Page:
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The French Modus Operandi Amidst The Return Of War In Europe: Produce More And Faster

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Written by Lucrezia Sala

As a result of the ongoing Russian war in Ukraine, the French Minister of the Armed Forces, Sébastien Lecornu, confirmed that France is now at the “dispute alert” level, which is only followed by a military confrontation. For this reason, during a meeting with defence manufacturers on September 6th, Lecornu highlighted the importance of simplifying the French military’s procurement and producing more and faster. This was also highlighted by the French President, Emmanuel Macron, who in June wanted to replace the 2019-2026 Military Program Law (MPL) with a new one for 2024-2030, as the former was deemed inadequate to fit the French military requirements in times of war in Europe.

The new approach the French intend to implement consists of four main points. The first focuses on the simplification of procurement requests, which would aim at simpler production capacities and less sophisticated designs. The second point would involve establishing a joint venture between French procurement agency Direction Générale de l’Armement (DGA) and manufacturers, developing a method to decrease the time of capacities’ production whilst maintaining high production standards and innovation. Thirdly, a relocation agenda towards France and the wider European Union (EU) would be realized to protect the French know-how. There is no room for insecure foreign dependency, and Lecornu made this clear. Lastly, as France is preparing for a hypothetical long-term conflict in Europe, it is enhancing its stocks of ammunition. Similarly, the Norwegian defence minister, Bjørn Arild Gram, has announced that his country will do the same shortly.

As France is supplying weaponry to Ukraine since the beginning of the war, the new French modus operandi of producing more and better perfectly fits this position. It is not surprising that the République will prioritize the production of specific materials. Following the supply of 18 Caesar guns to Ukraine, these will be manufactured in 12 months instead of 24. The same applies to 155mm artillery shells, which will be fabricated in 3 months instead of 9. At the moment of writing, France is finalizing the shipment of other 6 to 12 Caesar guns to Kyiv, which were originally destined for Denmark.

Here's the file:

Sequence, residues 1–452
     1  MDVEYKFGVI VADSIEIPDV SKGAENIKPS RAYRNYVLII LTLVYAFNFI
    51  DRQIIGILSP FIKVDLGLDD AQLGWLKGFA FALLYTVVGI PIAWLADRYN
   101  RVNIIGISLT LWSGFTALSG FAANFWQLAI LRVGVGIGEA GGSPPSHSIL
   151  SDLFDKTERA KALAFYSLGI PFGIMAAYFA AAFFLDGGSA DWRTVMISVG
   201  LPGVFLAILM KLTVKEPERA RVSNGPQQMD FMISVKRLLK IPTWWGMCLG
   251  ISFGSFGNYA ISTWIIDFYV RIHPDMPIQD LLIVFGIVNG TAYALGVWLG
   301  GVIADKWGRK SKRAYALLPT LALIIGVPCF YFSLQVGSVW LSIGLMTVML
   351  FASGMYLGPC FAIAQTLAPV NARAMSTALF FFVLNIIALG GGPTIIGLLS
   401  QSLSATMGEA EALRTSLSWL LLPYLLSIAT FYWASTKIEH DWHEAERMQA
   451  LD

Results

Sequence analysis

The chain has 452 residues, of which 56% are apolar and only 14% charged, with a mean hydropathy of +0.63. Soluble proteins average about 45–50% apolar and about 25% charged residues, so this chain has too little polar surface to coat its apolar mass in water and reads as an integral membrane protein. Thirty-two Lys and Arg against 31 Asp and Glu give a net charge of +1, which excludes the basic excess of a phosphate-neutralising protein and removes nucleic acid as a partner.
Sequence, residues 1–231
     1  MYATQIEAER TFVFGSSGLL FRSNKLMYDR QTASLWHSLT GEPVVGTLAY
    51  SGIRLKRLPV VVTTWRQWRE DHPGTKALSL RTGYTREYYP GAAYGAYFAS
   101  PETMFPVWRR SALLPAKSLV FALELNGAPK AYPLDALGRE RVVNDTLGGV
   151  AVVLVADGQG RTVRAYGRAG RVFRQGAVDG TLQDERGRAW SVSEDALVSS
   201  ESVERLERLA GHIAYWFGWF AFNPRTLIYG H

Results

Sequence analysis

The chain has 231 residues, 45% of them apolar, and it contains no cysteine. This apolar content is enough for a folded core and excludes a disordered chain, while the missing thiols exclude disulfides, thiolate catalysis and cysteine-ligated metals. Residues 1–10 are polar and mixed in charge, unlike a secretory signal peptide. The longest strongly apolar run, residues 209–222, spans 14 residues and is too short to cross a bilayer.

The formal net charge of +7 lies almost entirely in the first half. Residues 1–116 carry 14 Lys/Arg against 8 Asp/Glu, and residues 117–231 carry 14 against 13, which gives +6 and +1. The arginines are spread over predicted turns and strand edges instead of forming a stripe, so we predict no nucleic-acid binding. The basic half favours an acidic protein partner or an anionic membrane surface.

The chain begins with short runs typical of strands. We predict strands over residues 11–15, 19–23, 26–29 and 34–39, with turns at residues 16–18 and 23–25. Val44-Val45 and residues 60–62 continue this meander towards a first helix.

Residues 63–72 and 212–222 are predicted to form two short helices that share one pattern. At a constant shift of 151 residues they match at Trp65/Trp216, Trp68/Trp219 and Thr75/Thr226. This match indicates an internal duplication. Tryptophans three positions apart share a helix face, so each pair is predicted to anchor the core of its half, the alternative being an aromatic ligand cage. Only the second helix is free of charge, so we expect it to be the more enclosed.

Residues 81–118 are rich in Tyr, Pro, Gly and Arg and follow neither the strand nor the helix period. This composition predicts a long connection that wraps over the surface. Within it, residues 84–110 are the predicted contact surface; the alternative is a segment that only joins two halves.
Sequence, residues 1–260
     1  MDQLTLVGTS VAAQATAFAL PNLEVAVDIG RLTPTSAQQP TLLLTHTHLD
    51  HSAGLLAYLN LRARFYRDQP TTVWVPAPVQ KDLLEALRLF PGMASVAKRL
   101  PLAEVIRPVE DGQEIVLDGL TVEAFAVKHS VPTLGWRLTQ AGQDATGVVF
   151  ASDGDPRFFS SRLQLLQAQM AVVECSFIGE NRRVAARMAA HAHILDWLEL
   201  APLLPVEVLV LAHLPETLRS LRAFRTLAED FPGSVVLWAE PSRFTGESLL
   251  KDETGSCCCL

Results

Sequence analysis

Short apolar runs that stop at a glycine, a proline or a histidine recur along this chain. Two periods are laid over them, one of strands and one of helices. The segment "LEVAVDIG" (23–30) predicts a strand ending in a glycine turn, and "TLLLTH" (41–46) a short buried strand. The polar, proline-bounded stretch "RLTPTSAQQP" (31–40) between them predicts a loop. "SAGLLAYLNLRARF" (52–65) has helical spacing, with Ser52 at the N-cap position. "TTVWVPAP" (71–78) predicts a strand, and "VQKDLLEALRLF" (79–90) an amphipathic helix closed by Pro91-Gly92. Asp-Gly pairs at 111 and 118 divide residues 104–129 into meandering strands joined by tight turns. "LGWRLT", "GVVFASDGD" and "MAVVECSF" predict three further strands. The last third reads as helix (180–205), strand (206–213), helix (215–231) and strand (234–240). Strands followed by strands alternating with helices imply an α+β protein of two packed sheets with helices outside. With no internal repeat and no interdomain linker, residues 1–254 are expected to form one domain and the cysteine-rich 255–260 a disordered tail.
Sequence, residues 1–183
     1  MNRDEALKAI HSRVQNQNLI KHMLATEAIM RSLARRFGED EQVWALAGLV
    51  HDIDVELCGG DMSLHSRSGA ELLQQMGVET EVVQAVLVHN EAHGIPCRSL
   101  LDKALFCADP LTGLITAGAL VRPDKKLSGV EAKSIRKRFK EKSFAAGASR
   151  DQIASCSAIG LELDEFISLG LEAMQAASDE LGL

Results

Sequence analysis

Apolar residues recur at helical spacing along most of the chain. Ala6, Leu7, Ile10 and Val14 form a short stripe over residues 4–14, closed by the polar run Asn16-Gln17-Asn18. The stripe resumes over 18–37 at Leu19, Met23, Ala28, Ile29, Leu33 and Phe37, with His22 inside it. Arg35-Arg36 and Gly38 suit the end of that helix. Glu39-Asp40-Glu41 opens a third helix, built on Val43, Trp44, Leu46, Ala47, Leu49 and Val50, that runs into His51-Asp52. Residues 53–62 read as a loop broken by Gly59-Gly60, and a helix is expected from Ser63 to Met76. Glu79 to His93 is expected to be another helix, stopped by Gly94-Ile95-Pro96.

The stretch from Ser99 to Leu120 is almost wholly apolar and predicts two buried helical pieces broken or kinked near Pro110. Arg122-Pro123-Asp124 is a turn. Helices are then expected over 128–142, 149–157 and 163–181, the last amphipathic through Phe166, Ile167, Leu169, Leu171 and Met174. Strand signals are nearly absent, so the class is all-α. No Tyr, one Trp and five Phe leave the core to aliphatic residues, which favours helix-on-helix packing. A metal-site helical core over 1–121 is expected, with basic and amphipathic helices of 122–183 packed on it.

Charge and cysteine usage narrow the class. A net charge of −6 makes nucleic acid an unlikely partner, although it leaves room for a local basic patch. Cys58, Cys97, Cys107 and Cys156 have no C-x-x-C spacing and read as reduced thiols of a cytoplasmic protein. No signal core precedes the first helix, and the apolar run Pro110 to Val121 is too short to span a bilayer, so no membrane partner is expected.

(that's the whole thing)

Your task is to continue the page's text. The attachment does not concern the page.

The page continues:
Whilst France is planning to streamline and simplify arms, and produce more and faster, it is also continuing to increase its spending on defence for the 6th consecutive year. During the last week of September, a total of €43.9 billion were assigned to the 2023 defence budget proposal, of which €2 billion will likely be spent on munitions and the new generation Missile d’Interception de Combat et d’Auto-défense (MICA) air-to-air missile. Additionally, in December 2021, the DGA allocated €600 million to a 4-years development program for the new generation Caesar NG. It is imperative to note that the surge in defence expenditure is vital for the creation of a stronger Defence Technological and Industrial Base (DTIB), a necessary condition for the broader objective of strategic autonomy, that is both on the French and EU agendas.


Mackenzie, C. (2022, September 22). How France aims to streamline, simplify arms and

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Ministry of the Armed Forces (2022, September 8). Economie de guerre : les quatre engagements de Sébastien Lecornu. Retrieved from:

Ministry of the Armed Forces (2022, September 19). Projet de loi de finances des Armées 2023 – LPM année 5. Retrieved from:

Pietralunga, C. & Ricard, P. (2022, October 3). France supplies Ukraine with more Caesar howitzers. Retrieved from:

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